I love Spring. I’m a summer baby, so I feel disloyal saying this, but it’s true: New Jersey in the spring is delightful. You got yer daffodils and yer tulips for sale all over Shoprite, the magnolias start having a party, the willows drift happy green branches at you, and teeny little black ants start to colonize my countertops again.
Now I didn’t want to do this so early, because this blog is going to be light and entertaining and not controversial in any way (unless you’re going to tell me Lipton makes good tea, in which case, pistols at dawn, sirrah). But there comes a time when even a cynical Englishwoman must make a stand. And I’ve decided to do it over chocolate. Which is funny because I’m not even that much of a chocolate eater. Ah, the irony. Well, if they start trying to ban PG Tips you can all watch me really let loose.
Since it was just St. Patty’s Day, and I have about as much Irish in my blood as Zaphod Beeblebrox, let’s talk about Bruce Springsteen.
(Sure, he’s Irish; Wikipedia says so.)
It is a truth universally acknowledged that anyone who wishes to survive long within the boundaries of New Jersey will demonstrate early and often their abiding love of Bruce Springsteen. America has taken him to her bosom, but he started, as the kids here are taught in kindergarten, playing at the Shore.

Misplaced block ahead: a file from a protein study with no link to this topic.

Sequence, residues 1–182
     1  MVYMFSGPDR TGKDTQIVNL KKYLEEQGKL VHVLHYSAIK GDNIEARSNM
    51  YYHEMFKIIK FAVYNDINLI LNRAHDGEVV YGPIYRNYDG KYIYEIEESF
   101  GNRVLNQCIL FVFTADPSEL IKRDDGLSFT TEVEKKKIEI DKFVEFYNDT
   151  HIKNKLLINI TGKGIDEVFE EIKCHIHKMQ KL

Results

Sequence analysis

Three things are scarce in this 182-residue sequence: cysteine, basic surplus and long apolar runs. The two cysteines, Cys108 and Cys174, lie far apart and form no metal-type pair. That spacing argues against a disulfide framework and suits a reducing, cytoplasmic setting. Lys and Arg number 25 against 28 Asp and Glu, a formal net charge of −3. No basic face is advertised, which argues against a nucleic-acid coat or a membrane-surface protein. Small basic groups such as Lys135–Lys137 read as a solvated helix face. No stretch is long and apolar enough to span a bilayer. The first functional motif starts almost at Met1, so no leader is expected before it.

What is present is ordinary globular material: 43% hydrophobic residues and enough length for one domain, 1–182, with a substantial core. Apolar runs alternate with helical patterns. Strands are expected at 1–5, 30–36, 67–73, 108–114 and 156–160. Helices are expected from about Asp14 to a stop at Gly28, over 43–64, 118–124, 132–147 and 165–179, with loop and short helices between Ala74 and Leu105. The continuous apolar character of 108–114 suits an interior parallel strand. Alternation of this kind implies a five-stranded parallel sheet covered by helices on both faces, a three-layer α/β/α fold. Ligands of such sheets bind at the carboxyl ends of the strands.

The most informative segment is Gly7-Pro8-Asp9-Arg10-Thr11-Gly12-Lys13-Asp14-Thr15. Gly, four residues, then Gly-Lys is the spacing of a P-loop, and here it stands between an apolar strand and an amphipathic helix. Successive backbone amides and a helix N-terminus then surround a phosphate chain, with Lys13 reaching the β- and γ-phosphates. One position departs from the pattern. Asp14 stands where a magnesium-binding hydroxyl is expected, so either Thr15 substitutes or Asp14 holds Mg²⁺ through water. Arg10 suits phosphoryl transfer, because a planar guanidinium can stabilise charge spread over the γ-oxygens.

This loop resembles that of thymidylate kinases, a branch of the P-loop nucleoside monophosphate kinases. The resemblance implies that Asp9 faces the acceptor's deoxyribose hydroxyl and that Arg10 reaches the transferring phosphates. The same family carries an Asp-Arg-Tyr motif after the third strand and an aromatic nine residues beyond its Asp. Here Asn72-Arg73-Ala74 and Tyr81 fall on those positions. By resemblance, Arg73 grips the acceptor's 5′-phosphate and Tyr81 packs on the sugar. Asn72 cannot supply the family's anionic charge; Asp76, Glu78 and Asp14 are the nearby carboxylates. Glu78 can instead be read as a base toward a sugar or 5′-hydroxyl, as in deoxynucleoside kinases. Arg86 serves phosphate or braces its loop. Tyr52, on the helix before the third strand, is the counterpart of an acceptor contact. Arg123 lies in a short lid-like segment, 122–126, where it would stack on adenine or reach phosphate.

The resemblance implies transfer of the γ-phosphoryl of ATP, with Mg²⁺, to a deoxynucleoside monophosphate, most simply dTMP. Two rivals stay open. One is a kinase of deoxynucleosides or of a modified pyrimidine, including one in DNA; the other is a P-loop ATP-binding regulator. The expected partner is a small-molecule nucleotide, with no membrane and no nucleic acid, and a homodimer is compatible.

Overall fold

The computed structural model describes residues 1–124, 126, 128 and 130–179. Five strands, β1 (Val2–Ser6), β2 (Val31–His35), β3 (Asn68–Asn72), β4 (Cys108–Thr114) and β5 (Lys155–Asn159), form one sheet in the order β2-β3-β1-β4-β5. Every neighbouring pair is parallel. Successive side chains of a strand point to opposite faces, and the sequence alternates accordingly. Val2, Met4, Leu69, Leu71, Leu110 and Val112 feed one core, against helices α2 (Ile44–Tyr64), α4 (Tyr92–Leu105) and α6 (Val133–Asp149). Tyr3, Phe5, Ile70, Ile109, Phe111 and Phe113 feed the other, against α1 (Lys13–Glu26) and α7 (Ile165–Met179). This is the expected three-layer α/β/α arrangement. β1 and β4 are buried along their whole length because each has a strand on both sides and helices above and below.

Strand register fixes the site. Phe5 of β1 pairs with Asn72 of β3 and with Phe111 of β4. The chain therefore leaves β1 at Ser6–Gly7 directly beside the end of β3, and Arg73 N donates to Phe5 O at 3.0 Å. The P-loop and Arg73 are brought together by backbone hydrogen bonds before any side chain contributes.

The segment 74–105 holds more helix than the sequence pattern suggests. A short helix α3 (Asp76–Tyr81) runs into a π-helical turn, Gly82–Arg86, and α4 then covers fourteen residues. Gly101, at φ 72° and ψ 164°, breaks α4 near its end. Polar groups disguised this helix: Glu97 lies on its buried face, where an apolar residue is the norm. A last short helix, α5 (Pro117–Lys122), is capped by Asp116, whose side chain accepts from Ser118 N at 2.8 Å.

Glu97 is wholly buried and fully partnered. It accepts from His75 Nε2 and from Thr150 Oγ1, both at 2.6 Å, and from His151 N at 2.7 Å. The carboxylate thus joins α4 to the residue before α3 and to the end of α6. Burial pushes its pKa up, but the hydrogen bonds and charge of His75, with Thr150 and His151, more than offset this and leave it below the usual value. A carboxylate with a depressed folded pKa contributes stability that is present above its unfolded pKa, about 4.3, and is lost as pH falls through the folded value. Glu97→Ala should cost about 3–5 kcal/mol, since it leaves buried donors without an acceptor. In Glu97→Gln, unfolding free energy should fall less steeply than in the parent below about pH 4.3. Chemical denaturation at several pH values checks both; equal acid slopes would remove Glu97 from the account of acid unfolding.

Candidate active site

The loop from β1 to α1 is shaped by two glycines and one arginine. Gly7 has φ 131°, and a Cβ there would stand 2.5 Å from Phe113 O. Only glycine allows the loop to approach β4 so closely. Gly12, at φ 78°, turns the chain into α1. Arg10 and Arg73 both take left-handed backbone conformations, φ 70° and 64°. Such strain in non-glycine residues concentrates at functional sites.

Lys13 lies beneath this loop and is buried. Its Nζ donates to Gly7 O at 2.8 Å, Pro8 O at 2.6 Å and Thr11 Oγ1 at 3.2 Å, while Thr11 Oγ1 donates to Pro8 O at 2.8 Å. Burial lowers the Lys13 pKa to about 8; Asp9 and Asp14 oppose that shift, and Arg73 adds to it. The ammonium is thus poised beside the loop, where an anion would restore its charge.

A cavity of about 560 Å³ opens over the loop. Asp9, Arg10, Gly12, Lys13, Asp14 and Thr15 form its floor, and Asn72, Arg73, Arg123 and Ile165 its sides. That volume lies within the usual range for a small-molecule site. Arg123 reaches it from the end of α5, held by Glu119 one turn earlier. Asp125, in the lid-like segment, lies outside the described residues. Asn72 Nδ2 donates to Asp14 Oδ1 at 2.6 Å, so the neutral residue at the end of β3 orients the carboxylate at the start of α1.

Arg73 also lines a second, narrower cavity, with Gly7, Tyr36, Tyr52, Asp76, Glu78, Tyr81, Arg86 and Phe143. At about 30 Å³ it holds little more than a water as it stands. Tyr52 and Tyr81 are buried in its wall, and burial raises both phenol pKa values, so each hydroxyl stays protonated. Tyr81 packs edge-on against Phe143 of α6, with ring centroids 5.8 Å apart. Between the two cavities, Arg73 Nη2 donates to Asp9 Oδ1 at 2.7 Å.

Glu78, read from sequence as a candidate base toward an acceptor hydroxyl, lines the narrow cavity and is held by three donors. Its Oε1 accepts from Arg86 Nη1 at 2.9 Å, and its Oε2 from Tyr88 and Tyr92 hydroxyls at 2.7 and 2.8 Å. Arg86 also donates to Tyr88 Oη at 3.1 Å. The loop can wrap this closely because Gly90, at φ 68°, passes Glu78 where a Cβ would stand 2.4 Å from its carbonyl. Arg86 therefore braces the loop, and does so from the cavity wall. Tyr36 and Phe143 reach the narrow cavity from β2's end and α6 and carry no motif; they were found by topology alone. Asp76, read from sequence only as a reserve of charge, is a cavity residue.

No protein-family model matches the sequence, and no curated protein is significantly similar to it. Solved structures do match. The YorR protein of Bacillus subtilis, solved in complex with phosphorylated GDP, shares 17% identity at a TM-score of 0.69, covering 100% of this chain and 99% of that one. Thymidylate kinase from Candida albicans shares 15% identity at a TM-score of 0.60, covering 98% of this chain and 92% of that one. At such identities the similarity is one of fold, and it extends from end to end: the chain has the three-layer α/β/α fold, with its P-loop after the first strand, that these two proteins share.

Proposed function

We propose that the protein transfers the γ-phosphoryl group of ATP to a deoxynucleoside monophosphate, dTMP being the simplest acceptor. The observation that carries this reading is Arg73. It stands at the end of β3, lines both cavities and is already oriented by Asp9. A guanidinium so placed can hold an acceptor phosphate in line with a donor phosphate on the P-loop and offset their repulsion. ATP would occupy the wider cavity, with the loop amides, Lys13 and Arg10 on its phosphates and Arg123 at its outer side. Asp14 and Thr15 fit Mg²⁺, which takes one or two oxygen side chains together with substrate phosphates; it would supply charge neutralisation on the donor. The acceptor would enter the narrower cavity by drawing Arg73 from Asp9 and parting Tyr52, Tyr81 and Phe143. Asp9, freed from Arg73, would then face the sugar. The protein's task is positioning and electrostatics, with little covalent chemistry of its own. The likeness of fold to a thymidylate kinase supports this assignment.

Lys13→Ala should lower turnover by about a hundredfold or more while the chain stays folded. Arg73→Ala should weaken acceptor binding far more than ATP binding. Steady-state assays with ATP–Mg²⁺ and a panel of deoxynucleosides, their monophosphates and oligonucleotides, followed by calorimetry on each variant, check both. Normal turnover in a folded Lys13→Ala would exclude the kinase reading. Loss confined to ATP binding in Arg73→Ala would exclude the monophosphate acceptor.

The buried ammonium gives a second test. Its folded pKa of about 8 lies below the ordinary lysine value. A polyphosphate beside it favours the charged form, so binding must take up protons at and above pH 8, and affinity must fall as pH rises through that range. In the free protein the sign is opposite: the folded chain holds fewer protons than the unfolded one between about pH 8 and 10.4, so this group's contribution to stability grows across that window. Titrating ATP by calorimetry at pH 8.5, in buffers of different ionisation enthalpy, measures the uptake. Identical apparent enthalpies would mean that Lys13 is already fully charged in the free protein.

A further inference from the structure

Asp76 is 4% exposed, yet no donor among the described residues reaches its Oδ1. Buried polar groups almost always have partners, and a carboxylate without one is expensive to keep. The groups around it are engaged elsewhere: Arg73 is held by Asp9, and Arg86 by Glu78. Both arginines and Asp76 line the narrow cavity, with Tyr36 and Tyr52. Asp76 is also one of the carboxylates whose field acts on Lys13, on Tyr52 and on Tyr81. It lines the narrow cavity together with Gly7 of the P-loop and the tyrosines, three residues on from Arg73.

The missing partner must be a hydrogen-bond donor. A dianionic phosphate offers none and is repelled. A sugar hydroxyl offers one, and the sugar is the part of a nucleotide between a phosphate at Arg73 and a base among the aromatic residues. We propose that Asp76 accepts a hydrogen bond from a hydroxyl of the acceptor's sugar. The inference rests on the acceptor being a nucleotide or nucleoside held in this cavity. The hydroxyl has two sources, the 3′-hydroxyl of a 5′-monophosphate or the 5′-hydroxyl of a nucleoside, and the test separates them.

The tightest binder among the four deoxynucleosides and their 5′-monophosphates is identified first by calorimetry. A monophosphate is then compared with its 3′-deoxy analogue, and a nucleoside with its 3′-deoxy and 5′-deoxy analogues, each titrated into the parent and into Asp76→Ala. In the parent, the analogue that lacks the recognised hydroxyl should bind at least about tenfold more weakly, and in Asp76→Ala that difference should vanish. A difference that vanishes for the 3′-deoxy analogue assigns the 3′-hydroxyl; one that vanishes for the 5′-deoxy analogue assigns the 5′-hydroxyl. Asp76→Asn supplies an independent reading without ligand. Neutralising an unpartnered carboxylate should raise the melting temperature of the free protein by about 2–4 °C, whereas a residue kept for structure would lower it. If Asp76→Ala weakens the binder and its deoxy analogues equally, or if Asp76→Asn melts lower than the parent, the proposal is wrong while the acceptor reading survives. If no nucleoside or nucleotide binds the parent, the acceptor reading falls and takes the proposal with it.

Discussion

I love accents. If I had all the time and money in the world, I’d wander the country just listening (probably spending most of my time in Boston, because Matt Damon). I love that the U.K. has so many distinct accents and even dialects, packed into an island (and a bit) the size of Oregon. I love the history of accents in the U.S., the changing vocabularies as the settlers went west, the whole New Yawk thing. Dropping your r’s is upper class! No, it’s low class, stop doing it right away! No, it’s cool to have a New York accent! Start doing it again! So fun.
Back in England, I always picked up on accents and usually unthinkingly used them myself.
Bless you for coming to my site. Really. I’ll be rambling on about being English in New Jersey a lot, talking about reading and writing a bit, perhaps even posting some stories. To reward you for your time, I’ll start with the one where I’m a raging Goth (complete with shaved temples, more eyeliner than Adam Lambert and an inexhaustible supply of cross necklaces) and a blond-haired, blue-eyed Yank in pink madras catches my eye across a crowded bar. He bought me my first pair of 501s, you know, and the rest is history. My mum’s face lit up like it was Christmas when she met him. My brother heaved a giant sigh of relief. The crosses got smaller and smaller, the eyeliner was left for the boys, and the hair grew out, and four-and-a-half years of long-distance dating later, we were married in NJ, in the back yard of the prettiest house in the county.
Of course, if my daughters come up to me when they’re 18 and say, “Mom, I’ve met the man I’m going to marry,” I’ll be guffawing and Mr. A’ll be getting the dogs ready, but then again, you never know…
Kimberley Ash is a British ex-pat who has lived in and loved New Jersey for almost thirty years. When not writing romance, she can usually be found cleaning up after her two big white furry dogs and slightly less furry children. Her first novel, Breathe,has been re-released through her own publishing company, Tea Rose Publishing. Her trilogy, The Van Allen Brothers, was released by Tule Publishing in 2019.